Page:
In Japan, it seems there are 3 popular flavors of karate. The flavor I practice is Japanese Karate (日本空手協会; nihonkaratekyoukai), sometimes called JKA. It's a variation of Shotokan Karate. Kyokushin Karate is the third popular karate style, and it is quite different from JKA and Shotokan. My club has 3 tests a year, and each test has three parts: kihon (fundamentals), kumite (sparring), and kata (forms). Kihon is simply fundamental techniques — we demonstrate various kicks, punches, and blocks with no opponent. Kumite is sparring. For beginners, the moves are determined ahead of time. For example, Person A will try to punch Person B in the head, and Person B simply has to block it and counter. High level sparring is free sparring (自由組手; jiyuukumite), where you can attack and block as you like. This is the same as at tournaments. The third part of a karate test is a kata. A kata is a 30-60 second routine that one memorizes in advance.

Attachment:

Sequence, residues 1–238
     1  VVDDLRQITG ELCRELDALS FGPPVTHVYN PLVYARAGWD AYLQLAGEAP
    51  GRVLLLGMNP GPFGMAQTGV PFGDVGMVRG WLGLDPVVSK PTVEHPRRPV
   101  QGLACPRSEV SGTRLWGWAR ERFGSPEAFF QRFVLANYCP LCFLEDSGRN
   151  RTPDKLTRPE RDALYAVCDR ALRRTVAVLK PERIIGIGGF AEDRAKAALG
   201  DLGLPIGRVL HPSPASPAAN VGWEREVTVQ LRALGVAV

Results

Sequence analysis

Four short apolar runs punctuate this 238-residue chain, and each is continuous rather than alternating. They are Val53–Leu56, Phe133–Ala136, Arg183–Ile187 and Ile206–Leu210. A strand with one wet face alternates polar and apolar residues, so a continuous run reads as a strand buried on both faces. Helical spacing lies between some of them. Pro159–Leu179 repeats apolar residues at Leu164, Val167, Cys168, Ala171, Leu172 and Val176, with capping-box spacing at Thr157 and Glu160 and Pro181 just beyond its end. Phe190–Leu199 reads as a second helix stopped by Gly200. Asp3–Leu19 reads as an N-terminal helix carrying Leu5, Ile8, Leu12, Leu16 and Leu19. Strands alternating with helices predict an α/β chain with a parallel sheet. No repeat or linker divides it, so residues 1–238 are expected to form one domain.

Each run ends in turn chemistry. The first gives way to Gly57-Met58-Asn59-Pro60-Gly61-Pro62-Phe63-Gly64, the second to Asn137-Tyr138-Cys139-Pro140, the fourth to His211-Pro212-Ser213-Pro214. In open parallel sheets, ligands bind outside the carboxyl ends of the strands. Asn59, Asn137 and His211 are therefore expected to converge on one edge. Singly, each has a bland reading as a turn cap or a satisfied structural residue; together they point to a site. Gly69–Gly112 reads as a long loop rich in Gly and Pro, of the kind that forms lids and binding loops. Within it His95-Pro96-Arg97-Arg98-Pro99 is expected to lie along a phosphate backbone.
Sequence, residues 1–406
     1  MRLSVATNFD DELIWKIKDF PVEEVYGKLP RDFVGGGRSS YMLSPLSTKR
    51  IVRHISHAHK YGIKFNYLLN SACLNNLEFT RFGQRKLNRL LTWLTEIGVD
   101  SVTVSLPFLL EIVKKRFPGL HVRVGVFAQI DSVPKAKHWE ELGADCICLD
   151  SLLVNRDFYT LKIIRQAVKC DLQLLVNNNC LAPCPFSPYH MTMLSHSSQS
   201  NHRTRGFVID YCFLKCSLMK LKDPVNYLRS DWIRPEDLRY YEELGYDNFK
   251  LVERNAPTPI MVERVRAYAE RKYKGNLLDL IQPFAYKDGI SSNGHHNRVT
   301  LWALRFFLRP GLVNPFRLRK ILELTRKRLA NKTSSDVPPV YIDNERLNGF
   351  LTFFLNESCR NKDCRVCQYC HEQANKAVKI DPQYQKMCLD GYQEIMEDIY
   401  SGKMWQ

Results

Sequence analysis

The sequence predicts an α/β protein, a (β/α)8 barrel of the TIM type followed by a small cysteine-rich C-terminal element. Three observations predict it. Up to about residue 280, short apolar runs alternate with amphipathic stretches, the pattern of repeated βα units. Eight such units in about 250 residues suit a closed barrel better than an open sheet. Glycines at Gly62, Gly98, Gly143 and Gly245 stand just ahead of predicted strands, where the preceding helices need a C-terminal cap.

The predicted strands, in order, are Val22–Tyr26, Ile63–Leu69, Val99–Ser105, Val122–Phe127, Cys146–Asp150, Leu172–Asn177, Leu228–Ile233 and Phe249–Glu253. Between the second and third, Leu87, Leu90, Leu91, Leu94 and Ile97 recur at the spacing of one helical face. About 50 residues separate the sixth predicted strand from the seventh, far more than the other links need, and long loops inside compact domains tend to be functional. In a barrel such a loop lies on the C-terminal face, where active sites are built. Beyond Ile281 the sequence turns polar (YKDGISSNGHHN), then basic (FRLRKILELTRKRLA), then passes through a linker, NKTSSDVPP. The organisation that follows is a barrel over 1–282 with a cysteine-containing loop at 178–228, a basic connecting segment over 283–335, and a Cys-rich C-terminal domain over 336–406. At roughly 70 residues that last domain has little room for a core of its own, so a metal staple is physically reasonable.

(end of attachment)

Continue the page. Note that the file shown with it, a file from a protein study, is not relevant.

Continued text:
Karate tournaments are much like karate tests. There are two categories, kumite and kata. Men only fight men, women only fight women, kids only fight kids their own age, and for adults there are no age classes. There are no weight classes, there are no skill classes, opponents are chosen randomly, and it's single elimination. There are categories for individuals and teams (3 people per team). In Akita, there are only two tournaments a year: the All-Akita Tournament, and the All-Tohoku Tournament.
Our rank starts at 10 kyuu, white belt, and we work our way down to 3 kyuu, brown belt. After about 3 years, if things go well, one can obtain a black belt, and become 初段 (shodan) — literally, first degree black belt. After first degree black belt is second degree black belt, and so on. Adults don't use yellow, green, or purple belts — we just go from white to brown. Anyhow, different branches of different martial arts all have their own color scheme.
Here are some karate pictures from 2009. I earned the kyuu certificates up in Akita. The photos are from the adult national tournament at the Tokyo Municipal Gymnasium in Tokyo.